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  • Poster presentation
  • Open Access

Comparison between pulse pressure variation and conventional parameters as guides to resuscitation in a pig model of acute hemorrhagic shock with endotoxemia

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Critical Care201115 (Suppl 1) :P50

  • Published:


  • Mean Arterial Pressure
  • Cardiac Index
  • Central Venous Pressure
  • Oxygen Delivery
  • Hemorrhagic Shock


Volume expansion is often used in anesthesia and critical care to improve oxygen delivery and, in mechanically ventilated patients, pulse pressure variation (PPV) has been proposed as an index to aid in the assessment of the appropriate amount of fluids to be administered to this end [1]. The objective of this study was to compare PPV with conventional parameters as guides to resuscitation, in an experimental model of severe hemorrhagic shock with endotoxemia.


Twenty-seven anesthetized, mechanically ventilated pigs were submitted to acute hemorrhagic shock with infusion of endotoxin. Animals were randomly allocated to three groups: control (n = 9); conventional treatment with lactated Ringer's (LR) to achieve and maintain central venous pressure (CVP) ≥12 mmHg, mean arterial pressure (MAP) ≥65 mmHg and SvO2 ≥65% (CNV, n = 9); or LR to achieve and maintain PPV ≤13% and MAP ≥65 mmHg (dPP, n = 9). Hemodynamic parameters, measured by pulmonary artery catheter and femoral arterial catheter, and blood gases were assessed at baseline (TB), 1 hour after hemorrhage (TS), and hourly during the treatment period (T1 to T3). Groups and times were compared with two-way ANOVA followed by Tukey test and t test was used for comparisons of treatment times and LR amounts (P < 0.05).


At TS all groups presented equivalent, significant decreases in cardiac index (CI), MAP, CVP, SvO2 and oxygen delivery index (DO2I) and an increase in PPV (all P < 0.001). At T3, both treated groups presented hemodynamic recovery, with no statistical difference from TB or each other for CI, MAP, SvO2, DO2I or PPV. Statistically, there were no differences in times or amounts of LR to achieve endpoints, for maintenance or in total amounts of LR given. The only statistical difference between treatment groups involved CVP, which was higher in group CNV than in group dPP at T2 (P = 0.009) and T3 (P < 0.001). CVP was also higher at T3, in group CNV, when compared with TB (P = 0.006).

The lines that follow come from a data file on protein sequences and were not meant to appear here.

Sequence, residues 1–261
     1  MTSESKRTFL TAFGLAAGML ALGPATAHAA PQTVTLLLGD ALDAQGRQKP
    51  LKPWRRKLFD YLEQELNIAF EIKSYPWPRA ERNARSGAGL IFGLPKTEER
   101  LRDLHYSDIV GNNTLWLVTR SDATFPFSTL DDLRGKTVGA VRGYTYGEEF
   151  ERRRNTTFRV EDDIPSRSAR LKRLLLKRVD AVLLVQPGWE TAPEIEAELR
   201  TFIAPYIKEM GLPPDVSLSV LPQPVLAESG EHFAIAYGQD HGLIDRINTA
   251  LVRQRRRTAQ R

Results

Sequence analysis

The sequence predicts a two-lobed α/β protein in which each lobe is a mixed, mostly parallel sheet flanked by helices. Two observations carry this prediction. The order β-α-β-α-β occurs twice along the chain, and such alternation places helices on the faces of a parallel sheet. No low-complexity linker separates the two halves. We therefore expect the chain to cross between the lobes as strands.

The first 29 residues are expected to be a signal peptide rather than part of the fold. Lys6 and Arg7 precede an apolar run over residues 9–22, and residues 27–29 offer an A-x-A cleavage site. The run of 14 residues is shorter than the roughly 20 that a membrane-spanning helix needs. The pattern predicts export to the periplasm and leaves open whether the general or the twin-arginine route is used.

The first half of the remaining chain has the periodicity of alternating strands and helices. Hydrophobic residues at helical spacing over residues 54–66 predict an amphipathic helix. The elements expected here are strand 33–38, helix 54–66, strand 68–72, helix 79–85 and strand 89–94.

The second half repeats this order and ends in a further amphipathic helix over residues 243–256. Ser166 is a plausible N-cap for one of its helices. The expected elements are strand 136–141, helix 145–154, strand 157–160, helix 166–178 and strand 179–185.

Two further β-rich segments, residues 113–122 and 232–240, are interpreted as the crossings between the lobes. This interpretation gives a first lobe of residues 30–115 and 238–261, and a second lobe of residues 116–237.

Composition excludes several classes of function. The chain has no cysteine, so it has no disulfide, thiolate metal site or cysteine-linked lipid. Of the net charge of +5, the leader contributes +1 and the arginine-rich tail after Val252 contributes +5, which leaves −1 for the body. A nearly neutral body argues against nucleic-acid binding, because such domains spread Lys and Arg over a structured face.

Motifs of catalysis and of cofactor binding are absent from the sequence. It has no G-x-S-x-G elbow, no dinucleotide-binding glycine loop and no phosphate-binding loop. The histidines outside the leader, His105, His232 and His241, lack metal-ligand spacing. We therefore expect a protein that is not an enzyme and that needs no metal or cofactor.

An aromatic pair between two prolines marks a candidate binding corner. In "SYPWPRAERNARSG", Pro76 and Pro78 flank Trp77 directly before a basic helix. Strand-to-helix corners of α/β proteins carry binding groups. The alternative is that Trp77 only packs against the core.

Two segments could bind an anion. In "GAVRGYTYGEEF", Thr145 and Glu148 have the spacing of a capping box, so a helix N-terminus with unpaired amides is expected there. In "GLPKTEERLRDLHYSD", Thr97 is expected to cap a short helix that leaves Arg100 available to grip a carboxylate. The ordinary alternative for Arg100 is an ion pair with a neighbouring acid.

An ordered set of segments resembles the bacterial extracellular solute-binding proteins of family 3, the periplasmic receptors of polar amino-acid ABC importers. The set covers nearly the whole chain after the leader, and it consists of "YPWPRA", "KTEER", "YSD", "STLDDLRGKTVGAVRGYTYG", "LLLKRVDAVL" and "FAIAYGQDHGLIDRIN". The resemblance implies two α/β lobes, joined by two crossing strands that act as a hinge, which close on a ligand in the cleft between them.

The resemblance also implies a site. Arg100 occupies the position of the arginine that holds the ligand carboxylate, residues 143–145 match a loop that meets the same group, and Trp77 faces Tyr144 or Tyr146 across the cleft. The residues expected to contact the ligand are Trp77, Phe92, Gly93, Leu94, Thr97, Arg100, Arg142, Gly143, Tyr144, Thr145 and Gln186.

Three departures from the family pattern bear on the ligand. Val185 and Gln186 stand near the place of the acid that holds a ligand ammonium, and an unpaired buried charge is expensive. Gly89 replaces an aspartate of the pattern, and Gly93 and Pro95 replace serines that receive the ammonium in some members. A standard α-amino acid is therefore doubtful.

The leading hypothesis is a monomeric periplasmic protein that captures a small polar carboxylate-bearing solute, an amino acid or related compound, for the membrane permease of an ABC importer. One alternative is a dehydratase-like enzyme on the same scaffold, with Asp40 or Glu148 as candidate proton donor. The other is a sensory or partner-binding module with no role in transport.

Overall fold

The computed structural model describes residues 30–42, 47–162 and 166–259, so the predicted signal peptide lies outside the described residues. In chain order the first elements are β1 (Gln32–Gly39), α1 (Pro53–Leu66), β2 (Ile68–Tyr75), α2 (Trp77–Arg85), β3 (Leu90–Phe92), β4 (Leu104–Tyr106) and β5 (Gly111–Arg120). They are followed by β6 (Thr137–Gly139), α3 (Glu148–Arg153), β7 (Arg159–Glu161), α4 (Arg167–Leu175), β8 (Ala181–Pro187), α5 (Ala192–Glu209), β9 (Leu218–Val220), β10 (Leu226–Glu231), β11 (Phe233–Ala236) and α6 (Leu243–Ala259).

Although early fluid management guided by PPV yielded similar hemodynamic results to those achieved by management through conventional parameters, a difference could be noted regarding CVP, which was maintained higher in group CNV, but was restored to baseline values by PPV-guided therapy. The clinical impacts of such occurrences remain to be determined.



Grants received from FAPESP 08/50063-0, 08/50062-4, and LIM08/FMUSP.

Authors’ Affiliations

Faculdade de Medicina da Universidade de São Paulo, Brazil


  1. Cannesson M: J Cardiothorac Vasc Anesth. 2010, 24: 487-497. 10.1053/j.jvca.2009.10.008View ArticlePubMedGoogle Scholar


© Noel-Morgan et al. 2011

This article is published under license to BioMed Central Ltd. This is an Open Access article distributed under the terms of the Creative Commons Attribution License (, which permits unrestricted use, distribution, and reproduction in any medium, provided the original work is properly cited.